Alzheimer's disease (AD) is an age-related neurodegenerative disease characterized by progressive cognitive decline and dementia. Despite more than fifty years of research, no cures exist and the standard of treatment remains unsatisfactory. Genome wide association studies (GWAS) indicate that AD risk reflects both highly penetrant rare variants as well as common single nucleotide polymorphisms with small effect sizes. By overlapping GWAS and post-mortem and myeloid cell expression analyses, we have identified common variants with expression and splicing quantitative trait loci that may contribute to altered gene expression or alternative splicing; however, demonstrating which risk loci are the causal contributors to disease risk remains an intractable problem. Here, we will apply statistical approaches to prioritize putative causal variants in AD-associated loci by incorporating expanded AD GWAS functional annotations, single cell chromatin profiles and histone modification and microglia gene expression datasets. We will then apply a human induced pluripotent stem cell (hiPSC)-based approach to manipulate the genotype of prioritized putative causal AD risk variants that alter gene expression or alternative splicing of mRNAs, focusing largely on genes implicated in phagocytosis and lysosomal-autophagy function. Through isogenic comparisons of neurons, microglia, and astrocytes, we propose to examine the molecular and functional effects of perturbing five putative causal SNPs separately testing their cell autonomous and non-cell autonomous impact on cellular function. Our hope is that this work may identify novel therapeutic points of intervention in order to prevent or slow disease course in individuals with AD. This project will have a large overall impact by providing a mechanistic interpretation of genetic variants associated with AD susceptibility.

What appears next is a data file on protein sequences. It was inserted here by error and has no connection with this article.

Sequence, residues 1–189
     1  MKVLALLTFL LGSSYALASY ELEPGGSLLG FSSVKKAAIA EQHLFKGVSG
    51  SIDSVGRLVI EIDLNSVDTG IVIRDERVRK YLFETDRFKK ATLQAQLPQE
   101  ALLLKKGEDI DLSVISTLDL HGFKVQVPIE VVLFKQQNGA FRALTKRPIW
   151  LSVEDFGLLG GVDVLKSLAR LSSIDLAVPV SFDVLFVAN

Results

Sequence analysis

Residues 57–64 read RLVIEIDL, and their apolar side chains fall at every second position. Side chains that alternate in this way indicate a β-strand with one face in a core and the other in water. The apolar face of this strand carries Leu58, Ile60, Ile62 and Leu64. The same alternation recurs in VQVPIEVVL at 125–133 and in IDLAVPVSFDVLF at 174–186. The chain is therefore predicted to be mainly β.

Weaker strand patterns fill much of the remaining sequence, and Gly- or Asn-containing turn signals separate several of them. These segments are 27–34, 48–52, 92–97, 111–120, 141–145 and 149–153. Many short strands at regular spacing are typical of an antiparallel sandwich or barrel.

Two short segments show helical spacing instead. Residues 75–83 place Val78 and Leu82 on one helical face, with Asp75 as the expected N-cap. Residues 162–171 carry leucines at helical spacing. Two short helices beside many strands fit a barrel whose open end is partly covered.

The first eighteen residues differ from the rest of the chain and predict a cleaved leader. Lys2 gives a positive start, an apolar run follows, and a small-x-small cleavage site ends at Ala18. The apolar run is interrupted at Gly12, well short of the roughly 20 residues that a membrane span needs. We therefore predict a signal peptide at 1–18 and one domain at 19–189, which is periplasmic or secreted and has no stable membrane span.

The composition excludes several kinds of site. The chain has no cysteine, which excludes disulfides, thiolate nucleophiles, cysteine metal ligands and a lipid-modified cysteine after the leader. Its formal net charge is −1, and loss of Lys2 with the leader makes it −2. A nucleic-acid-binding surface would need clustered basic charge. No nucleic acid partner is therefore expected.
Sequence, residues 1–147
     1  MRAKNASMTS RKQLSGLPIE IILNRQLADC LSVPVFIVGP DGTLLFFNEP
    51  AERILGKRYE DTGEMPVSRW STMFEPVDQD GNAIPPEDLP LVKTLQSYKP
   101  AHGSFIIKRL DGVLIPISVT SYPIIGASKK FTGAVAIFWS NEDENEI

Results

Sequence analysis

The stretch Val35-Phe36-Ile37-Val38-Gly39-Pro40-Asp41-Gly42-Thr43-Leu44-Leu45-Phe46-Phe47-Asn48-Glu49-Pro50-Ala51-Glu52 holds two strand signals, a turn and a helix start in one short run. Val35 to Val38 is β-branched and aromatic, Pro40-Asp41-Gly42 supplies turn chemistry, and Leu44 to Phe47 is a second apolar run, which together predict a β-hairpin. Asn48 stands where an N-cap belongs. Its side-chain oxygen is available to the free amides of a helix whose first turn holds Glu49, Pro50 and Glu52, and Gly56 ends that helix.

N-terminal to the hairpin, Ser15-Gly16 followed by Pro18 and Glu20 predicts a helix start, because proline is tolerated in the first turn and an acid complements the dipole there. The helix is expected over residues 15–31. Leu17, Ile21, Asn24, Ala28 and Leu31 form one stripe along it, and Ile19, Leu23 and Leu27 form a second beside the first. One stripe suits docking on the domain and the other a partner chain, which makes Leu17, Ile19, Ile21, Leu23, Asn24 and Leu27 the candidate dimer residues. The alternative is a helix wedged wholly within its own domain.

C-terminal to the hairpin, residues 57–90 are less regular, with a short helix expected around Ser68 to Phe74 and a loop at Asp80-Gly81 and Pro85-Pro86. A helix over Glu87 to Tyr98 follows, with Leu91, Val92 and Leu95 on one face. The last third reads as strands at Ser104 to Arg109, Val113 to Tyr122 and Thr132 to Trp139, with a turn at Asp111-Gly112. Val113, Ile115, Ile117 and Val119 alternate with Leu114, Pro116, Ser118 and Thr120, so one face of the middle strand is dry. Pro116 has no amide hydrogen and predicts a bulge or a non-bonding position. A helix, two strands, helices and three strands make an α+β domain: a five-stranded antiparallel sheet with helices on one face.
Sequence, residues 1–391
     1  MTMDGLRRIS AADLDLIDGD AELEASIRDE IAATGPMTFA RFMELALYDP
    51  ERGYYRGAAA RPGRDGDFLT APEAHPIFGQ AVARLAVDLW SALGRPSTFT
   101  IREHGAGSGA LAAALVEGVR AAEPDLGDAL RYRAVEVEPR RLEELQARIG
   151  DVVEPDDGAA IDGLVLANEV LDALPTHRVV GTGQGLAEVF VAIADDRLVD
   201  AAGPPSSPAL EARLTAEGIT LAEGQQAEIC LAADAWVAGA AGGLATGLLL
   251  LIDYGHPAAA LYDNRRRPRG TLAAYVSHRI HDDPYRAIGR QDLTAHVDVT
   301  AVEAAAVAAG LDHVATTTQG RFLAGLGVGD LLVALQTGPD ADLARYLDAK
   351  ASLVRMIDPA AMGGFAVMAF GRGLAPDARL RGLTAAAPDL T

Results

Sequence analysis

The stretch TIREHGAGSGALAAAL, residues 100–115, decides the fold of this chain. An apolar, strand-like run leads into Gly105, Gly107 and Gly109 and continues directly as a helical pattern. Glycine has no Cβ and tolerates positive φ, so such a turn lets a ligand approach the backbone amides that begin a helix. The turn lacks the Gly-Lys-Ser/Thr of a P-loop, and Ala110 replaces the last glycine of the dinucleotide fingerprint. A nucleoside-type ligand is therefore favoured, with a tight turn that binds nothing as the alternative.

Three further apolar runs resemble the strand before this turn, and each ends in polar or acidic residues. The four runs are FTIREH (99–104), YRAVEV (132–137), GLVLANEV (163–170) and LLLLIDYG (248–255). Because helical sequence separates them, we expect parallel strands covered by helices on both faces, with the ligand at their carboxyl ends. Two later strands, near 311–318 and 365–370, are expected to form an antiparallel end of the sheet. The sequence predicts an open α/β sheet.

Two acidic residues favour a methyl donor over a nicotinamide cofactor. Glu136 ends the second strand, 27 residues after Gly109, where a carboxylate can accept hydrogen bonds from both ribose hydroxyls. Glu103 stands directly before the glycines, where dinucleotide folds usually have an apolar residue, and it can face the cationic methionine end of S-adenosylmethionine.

The causal role of Alzheimer?s disease (AD) risk variants in neuronal or glial cells is unresolved. By combining genetic fine-mapping, CRISPR-genetic engineering, and human induced pluripotent stem cell models, we propose to test the molecular and functional impact of perturbing the genotype of AD risk alleles. We hope to find insights into the mechanism of disease initiation and progression in AD, in order to one day reverse the disrupted molecular pathways that contribute to this debilitating disorder.